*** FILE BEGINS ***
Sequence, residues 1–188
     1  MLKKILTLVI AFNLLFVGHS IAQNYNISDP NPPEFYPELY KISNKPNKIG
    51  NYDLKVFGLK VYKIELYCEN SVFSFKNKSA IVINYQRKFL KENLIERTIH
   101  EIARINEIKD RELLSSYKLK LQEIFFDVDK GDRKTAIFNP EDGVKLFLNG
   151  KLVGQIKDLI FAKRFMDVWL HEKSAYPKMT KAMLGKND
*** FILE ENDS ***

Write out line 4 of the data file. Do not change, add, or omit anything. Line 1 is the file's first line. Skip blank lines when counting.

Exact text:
   101  EIARINEIKD RELLSSYKLK LQEIFFDVDK GDRKTAIFNP EDGVKLFLNG